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How to Find Your Audience

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Tue Jul 13, 2010 8:33 pm
lilymoore says...

Knowing your audience is key for any writer if you plan on pursuing publication or even if you just want to write a story for a good friend. But sometimes, figuring out what audience your story is geared towards can be difficult but it’s not impossible.

You might be wondering why you would even need to know the audience you’re writing for. But often times, when submitting a query letter to a publisher or editor, they will ask what audience you’re gearing your story towards. Also, knowing your audience helps you understand what elements you should include in your book.

One of the first steps is determining what genre your story fits into. For instance, your story could be literary fiction, which highlights most strongly on style, depth, and character. Literary fiction contains less action and movement and more dialogue and thought. More often than not, they are stories with one major theme or lesson drawn out and reinforced throughout the entire novel. They have a slower pace because of the time they spend focusing on thought and description. Examples of literary fiction include John Updike’s Of Mice and Men and Harper Lee’s To Kill a Mockingbird.

Commercial fiction is often the opposite of literary fiction. The plot and the story are often the major focus of the story. They are packed with action and movement and spend more time focusing on the plot than on characters. Examples of commercial fiction are wide ranging because commercial fiction is often broken down into smaller, more specific genres whether that genre be historical, science fiction, romance or horror. They may even be a blend of one or more genres.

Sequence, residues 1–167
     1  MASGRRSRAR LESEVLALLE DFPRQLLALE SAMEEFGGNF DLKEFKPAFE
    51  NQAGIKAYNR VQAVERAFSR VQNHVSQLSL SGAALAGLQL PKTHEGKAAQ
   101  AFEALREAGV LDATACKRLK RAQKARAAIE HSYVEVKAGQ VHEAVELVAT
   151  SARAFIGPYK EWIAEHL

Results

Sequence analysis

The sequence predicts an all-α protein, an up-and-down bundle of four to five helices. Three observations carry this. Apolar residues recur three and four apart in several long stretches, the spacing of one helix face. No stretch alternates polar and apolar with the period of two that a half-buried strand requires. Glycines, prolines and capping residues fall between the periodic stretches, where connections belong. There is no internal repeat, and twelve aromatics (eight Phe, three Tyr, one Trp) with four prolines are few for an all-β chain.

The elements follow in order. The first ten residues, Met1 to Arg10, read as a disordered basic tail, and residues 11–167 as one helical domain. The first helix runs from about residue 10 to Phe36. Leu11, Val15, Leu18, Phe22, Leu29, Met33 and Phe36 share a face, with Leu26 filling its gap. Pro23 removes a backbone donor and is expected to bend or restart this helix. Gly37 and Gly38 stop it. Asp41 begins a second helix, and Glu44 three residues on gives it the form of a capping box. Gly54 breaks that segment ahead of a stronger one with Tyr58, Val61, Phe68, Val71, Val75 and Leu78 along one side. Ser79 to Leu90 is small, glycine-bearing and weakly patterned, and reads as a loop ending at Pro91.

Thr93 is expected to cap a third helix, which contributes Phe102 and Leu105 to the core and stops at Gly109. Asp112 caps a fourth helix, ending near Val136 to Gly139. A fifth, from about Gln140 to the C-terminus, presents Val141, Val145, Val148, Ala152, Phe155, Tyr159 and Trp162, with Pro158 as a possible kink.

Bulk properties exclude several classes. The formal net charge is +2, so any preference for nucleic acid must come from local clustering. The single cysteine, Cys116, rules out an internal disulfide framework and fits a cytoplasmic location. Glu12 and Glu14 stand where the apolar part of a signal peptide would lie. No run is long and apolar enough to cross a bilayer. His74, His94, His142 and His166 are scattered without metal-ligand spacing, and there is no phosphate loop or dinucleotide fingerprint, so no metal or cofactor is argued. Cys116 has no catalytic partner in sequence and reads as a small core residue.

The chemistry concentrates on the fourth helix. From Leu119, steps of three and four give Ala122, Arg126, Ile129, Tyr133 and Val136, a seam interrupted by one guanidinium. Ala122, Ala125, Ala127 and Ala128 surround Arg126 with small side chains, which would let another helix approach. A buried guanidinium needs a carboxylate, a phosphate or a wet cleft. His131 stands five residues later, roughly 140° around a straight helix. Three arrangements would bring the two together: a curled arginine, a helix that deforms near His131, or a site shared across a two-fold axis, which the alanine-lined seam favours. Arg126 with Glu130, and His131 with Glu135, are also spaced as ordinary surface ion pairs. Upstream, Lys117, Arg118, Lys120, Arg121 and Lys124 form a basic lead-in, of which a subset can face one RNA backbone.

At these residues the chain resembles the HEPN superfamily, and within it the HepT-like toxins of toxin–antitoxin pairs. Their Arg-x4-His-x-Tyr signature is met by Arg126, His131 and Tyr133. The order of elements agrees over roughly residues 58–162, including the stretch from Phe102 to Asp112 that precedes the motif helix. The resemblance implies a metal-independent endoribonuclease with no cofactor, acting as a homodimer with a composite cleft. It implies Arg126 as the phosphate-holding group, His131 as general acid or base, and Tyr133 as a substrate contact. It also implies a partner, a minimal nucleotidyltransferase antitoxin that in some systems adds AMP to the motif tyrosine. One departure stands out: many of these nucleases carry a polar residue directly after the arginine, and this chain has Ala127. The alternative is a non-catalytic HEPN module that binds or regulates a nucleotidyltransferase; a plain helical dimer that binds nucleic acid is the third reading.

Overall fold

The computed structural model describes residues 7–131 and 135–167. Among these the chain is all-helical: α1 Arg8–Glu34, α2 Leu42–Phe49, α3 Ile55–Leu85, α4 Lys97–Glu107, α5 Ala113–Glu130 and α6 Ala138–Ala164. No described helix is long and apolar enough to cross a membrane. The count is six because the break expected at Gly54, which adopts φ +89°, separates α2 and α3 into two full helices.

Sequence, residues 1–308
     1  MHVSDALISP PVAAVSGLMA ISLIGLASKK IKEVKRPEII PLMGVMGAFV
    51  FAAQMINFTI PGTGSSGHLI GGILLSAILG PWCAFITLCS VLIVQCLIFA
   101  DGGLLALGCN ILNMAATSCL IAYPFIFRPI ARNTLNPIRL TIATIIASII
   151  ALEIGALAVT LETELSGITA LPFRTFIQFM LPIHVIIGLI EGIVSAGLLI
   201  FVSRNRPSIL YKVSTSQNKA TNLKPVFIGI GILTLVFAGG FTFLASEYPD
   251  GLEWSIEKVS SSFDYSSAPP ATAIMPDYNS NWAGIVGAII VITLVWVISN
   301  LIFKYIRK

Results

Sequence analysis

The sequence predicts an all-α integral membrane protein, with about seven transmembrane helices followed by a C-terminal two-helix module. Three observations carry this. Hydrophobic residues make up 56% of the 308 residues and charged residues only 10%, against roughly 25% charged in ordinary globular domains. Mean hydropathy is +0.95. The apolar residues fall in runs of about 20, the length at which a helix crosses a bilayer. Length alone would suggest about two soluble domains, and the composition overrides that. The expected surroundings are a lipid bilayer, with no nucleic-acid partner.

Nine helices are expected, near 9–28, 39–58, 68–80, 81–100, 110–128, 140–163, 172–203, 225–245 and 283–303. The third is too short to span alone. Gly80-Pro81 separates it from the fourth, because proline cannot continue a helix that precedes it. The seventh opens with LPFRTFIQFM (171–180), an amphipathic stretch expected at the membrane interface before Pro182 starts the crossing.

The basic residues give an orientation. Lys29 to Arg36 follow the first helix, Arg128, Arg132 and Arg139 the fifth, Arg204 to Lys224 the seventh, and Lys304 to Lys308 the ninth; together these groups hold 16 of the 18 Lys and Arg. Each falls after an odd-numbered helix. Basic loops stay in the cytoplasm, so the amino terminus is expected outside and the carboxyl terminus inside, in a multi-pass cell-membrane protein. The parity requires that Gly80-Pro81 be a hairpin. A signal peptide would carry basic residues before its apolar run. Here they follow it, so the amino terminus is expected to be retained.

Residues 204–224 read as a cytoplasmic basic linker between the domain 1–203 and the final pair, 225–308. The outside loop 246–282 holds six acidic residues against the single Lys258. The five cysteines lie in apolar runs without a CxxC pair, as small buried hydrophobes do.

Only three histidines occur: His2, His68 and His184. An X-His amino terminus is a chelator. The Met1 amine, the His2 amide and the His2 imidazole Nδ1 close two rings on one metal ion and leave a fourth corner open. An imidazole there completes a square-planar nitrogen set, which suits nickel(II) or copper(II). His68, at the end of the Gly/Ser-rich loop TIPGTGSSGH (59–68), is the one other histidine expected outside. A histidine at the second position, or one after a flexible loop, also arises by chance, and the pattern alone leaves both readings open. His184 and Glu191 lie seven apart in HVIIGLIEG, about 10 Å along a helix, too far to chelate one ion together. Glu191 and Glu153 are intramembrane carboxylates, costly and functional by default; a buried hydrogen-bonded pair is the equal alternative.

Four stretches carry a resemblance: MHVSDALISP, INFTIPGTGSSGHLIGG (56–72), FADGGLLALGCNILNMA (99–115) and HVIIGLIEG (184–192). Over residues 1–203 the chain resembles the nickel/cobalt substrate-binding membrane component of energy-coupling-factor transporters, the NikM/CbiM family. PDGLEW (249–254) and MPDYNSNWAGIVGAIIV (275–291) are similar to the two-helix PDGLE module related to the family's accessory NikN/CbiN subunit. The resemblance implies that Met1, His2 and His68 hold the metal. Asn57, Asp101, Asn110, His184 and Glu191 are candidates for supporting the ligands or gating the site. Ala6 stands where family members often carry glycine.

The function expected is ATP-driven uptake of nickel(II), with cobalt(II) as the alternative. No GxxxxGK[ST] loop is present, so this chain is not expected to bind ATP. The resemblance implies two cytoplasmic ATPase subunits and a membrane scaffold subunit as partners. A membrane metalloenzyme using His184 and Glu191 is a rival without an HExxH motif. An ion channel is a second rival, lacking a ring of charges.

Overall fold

Determining what type of your story is key. Why? Because knowing what kind of story you’re writing will let you know what you will have to include in a story in order for most editors and publishers to consider looking at it, especially from a financial aspect. You may think that the more original you are, the better chance you have but most, though not all, editors and publishers will see a story with a marketable plot as having a better chance on the shelf.

Once you know what you’re writing, you’ll be able to better picture who you would be writing for. You may start off writing a novel, imagining you audience is a single friend but just envision how many other people, with a similar taste as your friends, would want to read it. It might be narrow, especially if your friend is only interested in post-apocalyptic stories about panda bears but if it’s also a funny story, then you would be able to focus on readers who have a liking of humor. These would often be people who read books by authors like Kurt Vonnegut or Douglas Adams.

On the other hand, maybe you want to look at your audience as a giant, nameless, faceless mass. Perhaps you’re writing a romantic teen drama. In this case, your audience will more than likely be a blob of screaming, fan girls (and their moms) who imagine themselves married to your male lead.

Knowing your audience, humor-lovers or teen drama fans, will help you understand how to connect with your readers through your writing. The teenage audience would rather read about finding true love in high school over the trials of a cowboy settling into the uncivilized West. In the same respects, humor-readers aren’t going to want to read about the political ponderings of a modern-day senator’s aide.

And now that you know the audience you’re writing for, you have a better idea of what you’ll need to include in the story to make it marketable and make your story more appealing to the big wig publisher sitting behind his big wig desk.
Never forget who you are, for surely the world will not. Make it your strength. Then it can never be your weakness. Armor yourself in it, and it will never be used to hurt you.

The heavens laugh with you in your jubilee; my heart is at your festival.
— William Shakespeare